Brown arranged for Senior Master Sgt. Brian Boisvert, public affairs superintendent with the 100th Air Refueling Wing, to officially hand over the tag to the U.S. Air Force. From there, it was shipped to Barksdale Air Force Base because of its proximity to Odom. It is also the home of the 8th Air Force under which the 388th bomb group served.

Ball said learning about the tags and sharing the information with her father served as an opening for her to learn more about his time in service, a subject he had usually remained silent about.

Odom's son, Chris Nolen, said he also never heard his father speak about the war as a young man. He said the time was hard for Odom as he would often see fighters off on missions and many of them would never return.

"It's amazing they found his dog tag after all this time," Nolen said. "I wish I would have known he lost them before because he used to get on to me for not keeping up with things."


dog tab 21117-1
From the original 1943 caption: "The Flying Fortress, Knockout Dropper, successfully completing, on Tuesday, November 16, a raid on Norway, and became the first B 17 to complete fifty missions with the British-based U.S. 8th Air Force, thus winning the unofficial race with Hells Angels, 47-time raider over enemy territory, and S for Sugar, which on November 16, made its 46th bombing run. One of the first Fortresses to arrive in England, Knockout Dropper has put in 300 combat hours and has dropped 225 thousand pounds of bombs on enemy occupied territory."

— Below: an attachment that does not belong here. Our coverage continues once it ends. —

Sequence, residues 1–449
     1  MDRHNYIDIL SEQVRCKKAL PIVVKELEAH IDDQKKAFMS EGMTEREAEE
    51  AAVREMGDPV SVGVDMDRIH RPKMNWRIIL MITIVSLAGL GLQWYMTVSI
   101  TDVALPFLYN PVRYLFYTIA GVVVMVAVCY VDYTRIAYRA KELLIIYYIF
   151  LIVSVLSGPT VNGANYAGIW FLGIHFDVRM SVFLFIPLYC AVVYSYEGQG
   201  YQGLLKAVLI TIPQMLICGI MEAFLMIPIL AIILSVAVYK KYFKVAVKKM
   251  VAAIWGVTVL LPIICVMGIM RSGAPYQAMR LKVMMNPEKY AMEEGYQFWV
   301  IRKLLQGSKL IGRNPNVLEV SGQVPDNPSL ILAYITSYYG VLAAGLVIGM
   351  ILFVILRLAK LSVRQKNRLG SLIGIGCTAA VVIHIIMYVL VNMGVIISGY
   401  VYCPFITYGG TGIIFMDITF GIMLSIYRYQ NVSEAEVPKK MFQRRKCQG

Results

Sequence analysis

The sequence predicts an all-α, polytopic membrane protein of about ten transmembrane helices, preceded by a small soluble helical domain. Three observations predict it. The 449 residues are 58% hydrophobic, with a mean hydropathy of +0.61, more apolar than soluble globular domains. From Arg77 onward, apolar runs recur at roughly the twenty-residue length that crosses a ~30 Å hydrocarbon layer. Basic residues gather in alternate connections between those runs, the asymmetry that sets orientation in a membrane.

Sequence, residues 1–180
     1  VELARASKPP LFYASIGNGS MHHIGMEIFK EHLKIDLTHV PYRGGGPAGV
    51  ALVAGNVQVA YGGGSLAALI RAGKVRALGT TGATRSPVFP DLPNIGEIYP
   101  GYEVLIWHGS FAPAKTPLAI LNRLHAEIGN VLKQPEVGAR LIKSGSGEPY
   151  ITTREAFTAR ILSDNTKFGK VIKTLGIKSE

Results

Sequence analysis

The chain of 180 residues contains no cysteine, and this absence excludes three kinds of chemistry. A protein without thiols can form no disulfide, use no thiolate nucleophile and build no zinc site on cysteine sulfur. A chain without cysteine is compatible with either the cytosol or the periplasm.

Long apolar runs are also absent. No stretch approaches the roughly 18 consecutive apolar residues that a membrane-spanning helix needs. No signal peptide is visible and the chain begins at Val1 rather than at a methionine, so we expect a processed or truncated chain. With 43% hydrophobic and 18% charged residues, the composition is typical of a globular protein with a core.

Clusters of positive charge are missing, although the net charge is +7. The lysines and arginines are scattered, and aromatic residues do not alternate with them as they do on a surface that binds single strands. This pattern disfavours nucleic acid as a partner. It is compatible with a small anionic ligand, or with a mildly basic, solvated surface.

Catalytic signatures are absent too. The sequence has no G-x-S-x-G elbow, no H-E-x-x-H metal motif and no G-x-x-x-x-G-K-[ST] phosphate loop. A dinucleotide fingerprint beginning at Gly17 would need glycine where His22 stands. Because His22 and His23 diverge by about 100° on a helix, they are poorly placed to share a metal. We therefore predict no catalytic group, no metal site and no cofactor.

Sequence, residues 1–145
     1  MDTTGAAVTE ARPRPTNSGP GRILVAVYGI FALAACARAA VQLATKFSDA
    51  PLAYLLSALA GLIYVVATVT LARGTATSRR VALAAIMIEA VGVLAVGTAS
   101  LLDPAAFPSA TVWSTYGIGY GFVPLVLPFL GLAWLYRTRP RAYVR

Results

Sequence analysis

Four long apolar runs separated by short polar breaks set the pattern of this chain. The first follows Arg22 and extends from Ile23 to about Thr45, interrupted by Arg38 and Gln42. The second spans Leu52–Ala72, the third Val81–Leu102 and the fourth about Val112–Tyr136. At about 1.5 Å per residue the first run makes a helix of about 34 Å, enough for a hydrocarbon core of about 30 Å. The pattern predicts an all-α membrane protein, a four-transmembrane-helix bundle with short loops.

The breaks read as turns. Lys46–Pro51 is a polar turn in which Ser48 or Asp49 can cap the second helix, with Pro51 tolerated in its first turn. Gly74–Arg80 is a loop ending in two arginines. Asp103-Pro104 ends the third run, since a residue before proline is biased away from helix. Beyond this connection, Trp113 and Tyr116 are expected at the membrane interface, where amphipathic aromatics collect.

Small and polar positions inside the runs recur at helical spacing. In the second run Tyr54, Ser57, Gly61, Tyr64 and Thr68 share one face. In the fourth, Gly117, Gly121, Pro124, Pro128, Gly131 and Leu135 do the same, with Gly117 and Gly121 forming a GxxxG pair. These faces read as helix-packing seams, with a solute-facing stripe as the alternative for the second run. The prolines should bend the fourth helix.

Photo Credit: AP

He said he looks forward to learning more about his father's time overseas now as the reunion has opened up other memories.

"Debbie asked if we could arrange for the dog tag to be presented back to her dad," Brown said. "That's when I contacted Senior Master Sgt. Brian Boisvert, 100th Air Refueling Wing Public Affairs superintendent, to officially hand over the dog tag to the U.S. Air Force."

Gary D. Joiner, chair and professor of history at LSU-Shreveport, said World War II veterans are now occupying the space Civil War veterans inhabited in the 1920s — few are left and their stories are invaluable for people who will listen.

"... With World War II veterans, every one of them, wherever they served and in whatever capacity they served, they are patriots," Joiner said.

Maj. Gen. Thomas Bussiere said Thursday's presentation carries special significance because it coincides with the 70th anniversary of the U.S. Air Force and the 75th anniversary of the 8th Air Force.

"It is fitting and proper that today we start off our celebration with a presentation of Mr. Odom's dog tags from WWII," Bussiere said, "and it is a testament to what we are all about ... He was a founding member of the 8th Air Force. It's a small token of appreciation for great service. We at the 8th Air Force stand on the shoulder of giants who served before us in WWII. I can't tell you how much our young airmen today appreciate what you did for our nation in WWII, and I can't tell you how much we are proud to be here today."

Information from: The News-Star,   http://www.thenewsstar.com


Next Article